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New INL gunsight technology?
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ICK, Ed's BOY
I am not an optics guy and this came to me. is this something new and exciting or just old stuff you guys already know about?
The unaided eye can focus either on the target (left) or the gun's iron sight (center). The MicroSight lets it do both (right), giving marksmen a better shot at their quarry.
New INL gunsight technology should improve accuracy for target shooters, hunters, soldiers
By Mike Wall, INL Communications and Governmental Affairs
The MicroSight's wafer-thin optical element is only about a quarter-inch in diameter.
Go down to the rifle range and fire a few rounds at a target 100 meters out. Chances are you won't hit the bull's-eye. Even if you read the wind right and don't twitch as you're squeezing the trigger, you may well fall at the first hurdle: lining up the shot.
Aiming a weapon is harder than it looks. Shooters need clear views of a distant object (the target) and a near one (the iron sight at the end of the rifle barrel) at the same time. But the eye can't quite pull this off, as a simple experiment shows: Point at a faraway house or storefront, then try to bring both your finger and the building into focus. One or the other will be blurry.
Idaho National Laboratory's innovative gunsight technology, the MicroSight, helps the eye solve this problem. The MicroSight, a disc smaller than a dime, brings both the target and the iron sight into simultaneous focus, giving marksmen a better sight picture. The new sight has national-security applications, as it could improve safety and performance for American soldiers. Millions of target shooters and hunters should also benefit.
"The MicroSight gives you much of the performance you'd get out of a holographic or telescopic sight," says INL engineer David Crandall, who developed the technology. "But it's more reliable, much lighter-weight and much cheaper."
The alternating rings on zone plates bring faraway and nearby objects into focus simultaneously.
The magic of zone plates
Crandall is not an optics specialist. Most of his past work tended toward infrastructure engineering, like nuclear projects with INL's Advanced Test Reactor. But Crandall is a highly accomplished target shooter — he's a member of the U.S. national long-range rifle team — and he's come up with several other shooting-related inventions. He patented a rifle-stabilizing shooting sling, for example, and a small, powerful breaching shotgun that could help law-enforcement personnel storm buildings more safely and effectively.
One day, Crandall was leafing through an optics textbook, and he stumbled across a section on "zone plates." Zone plates are optical devices that resemble lenses. But whereas lenses focus light using refraction — essentially, changing the direction of light waves by changing their speed — zone plates use diffraction. Diffraction describes how waves bend, break up, spread out and interfere with each other as they encounter obstacles. The diffraction of sound waves, for example, explains how you can hear someone's voice from around a corner.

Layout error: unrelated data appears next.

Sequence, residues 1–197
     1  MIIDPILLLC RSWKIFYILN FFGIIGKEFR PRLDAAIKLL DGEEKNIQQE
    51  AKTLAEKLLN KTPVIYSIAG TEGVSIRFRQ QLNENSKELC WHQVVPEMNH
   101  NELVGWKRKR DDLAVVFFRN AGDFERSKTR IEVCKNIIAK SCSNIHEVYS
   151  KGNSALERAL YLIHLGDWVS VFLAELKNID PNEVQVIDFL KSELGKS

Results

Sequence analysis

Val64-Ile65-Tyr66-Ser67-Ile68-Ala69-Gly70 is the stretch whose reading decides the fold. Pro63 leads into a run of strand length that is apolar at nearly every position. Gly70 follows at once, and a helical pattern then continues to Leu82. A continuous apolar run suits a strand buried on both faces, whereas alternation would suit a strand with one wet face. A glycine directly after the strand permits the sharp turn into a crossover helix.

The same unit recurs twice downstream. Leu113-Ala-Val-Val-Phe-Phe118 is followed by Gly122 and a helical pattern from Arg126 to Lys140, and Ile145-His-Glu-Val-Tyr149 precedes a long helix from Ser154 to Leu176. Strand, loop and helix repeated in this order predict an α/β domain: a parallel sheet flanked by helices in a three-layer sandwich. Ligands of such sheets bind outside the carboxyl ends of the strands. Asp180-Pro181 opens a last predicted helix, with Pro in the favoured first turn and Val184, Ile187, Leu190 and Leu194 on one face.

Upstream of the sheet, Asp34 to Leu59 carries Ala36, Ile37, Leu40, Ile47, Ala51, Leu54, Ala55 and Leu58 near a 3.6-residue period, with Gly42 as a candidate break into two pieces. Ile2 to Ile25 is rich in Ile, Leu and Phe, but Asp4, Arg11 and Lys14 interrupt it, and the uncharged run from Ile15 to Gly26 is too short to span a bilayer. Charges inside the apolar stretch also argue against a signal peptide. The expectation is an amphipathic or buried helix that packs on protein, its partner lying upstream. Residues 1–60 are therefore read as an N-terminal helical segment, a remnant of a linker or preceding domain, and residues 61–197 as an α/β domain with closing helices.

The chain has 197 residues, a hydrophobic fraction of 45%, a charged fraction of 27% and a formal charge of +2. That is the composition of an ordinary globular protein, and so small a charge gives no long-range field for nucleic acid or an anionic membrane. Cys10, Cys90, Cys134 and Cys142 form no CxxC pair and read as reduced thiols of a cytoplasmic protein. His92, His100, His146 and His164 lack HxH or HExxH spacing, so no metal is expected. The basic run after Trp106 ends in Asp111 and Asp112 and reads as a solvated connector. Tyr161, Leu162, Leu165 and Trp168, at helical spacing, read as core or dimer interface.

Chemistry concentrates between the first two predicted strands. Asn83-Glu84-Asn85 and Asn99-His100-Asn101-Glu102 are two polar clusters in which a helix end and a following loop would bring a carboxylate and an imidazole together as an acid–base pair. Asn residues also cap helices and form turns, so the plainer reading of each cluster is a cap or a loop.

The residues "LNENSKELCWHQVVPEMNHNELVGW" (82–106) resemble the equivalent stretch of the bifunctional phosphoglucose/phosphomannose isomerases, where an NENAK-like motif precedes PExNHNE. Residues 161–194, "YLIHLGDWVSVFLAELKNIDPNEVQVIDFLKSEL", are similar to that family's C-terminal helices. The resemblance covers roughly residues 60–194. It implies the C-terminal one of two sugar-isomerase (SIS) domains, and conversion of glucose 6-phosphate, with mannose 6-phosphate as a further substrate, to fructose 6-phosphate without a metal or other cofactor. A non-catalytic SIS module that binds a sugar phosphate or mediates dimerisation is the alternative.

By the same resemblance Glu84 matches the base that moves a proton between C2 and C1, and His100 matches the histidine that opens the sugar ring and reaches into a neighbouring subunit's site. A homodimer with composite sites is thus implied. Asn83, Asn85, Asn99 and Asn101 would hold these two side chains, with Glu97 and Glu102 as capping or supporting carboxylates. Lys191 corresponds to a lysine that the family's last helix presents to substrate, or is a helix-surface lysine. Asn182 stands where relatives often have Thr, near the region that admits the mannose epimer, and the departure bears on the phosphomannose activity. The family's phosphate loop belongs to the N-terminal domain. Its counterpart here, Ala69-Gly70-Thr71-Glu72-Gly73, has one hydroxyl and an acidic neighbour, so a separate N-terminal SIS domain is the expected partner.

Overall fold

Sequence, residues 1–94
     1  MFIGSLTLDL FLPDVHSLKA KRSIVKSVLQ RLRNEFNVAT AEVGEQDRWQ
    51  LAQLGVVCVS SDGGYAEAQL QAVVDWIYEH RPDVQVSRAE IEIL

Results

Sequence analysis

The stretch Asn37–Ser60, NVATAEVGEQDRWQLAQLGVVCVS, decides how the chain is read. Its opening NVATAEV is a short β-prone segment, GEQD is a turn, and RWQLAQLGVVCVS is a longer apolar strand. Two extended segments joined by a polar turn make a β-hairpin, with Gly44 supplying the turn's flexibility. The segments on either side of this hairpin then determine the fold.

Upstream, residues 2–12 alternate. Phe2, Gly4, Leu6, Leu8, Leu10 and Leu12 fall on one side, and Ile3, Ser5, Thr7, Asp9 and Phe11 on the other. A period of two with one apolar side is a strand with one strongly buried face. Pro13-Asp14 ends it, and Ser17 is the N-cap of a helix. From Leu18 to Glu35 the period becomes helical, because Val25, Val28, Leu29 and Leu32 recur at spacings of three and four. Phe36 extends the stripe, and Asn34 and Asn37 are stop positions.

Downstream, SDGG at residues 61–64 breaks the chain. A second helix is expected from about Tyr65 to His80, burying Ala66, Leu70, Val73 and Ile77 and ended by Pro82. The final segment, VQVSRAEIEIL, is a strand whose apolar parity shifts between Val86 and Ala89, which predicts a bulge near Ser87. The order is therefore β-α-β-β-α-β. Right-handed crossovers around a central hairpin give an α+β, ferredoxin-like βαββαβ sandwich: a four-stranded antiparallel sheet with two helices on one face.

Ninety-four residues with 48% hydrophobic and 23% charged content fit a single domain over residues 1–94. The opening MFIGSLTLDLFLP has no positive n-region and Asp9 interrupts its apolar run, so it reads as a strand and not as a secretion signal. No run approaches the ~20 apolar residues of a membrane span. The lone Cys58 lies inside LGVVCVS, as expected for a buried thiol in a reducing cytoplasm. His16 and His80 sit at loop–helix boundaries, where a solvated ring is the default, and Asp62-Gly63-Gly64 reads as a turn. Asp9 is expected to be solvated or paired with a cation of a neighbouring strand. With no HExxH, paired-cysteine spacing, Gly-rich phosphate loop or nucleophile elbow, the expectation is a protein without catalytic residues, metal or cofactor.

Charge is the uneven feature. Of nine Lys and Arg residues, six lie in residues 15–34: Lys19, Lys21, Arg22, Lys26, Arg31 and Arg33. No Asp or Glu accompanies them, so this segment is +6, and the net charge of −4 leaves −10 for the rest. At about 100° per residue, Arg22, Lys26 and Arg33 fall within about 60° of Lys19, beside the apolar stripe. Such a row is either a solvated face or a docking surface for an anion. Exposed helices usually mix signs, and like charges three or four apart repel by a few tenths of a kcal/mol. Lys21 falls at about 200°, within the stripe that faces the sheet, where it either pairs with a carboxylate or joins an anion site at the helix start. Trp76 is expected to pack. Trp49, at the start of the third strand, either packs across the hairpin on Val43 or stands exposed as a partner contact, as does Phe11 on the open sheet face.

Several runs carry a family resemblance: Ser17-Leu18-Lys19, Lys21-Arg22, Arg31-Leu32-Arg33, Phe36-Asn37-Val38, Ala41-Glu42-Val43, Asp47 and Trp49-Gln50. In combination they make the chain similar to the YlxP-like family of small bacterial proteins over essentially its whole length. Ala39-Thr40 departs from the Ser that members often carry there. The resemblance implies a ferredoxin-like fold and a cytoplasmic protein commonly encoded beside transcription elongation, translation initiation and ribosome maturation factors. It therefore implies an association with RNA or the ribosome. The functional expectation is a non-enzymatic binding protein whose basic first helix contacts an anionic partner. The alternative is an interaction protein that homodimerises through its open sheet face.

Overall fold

INL engineer David Crandall, a highly accomplished target shooter, uses the MicroSight to take aim at a target 100 meters away.
Zone plates focus light via a set of concentric rings that alternate between transparent and opaque. The transparent sections let some light waves pass through unchanged, focusing objects that are far away (basically, at infinity). But light passing the edges of the opaque rings gets diffracted, which brings nearby objects into focus. The seemingly impossible result: sharp images of distant and near objects, simultaneously.
Ick, Ed's boy,www.ick.bz
There are pseudo-accommodative contact lenses and interoccular lenses that do this same thing for the eye. But they cannot act like a lens placed on an instrument or weapon when attached to the eye. The same technology may work on instruments and weapons, but the application would probably be for a single user only since the brain is not able to instantly process all the different focal rings at the same time.
The corrective lenses used for lens transplant are adaptive lenses. The patient must first use pseudo-accomodative lenses to train the brain to adapt to near and far sight at the same time. Some people are not good candidates for this technology because of their inability to adapt, and therefore must use a single focus interoccular lens, along with glasses for near/distant vision depending on the type of implanted lens.
So the same problem may be true of this system unless it is custom ground for the individual. Even though the lens does not magnify, it will still need a focal plane that matches an individuals eye, and the brain must be able to process the near and far images present at the same time.
Just guessing/thinking out loud. But it sound like one hell of a great idea!
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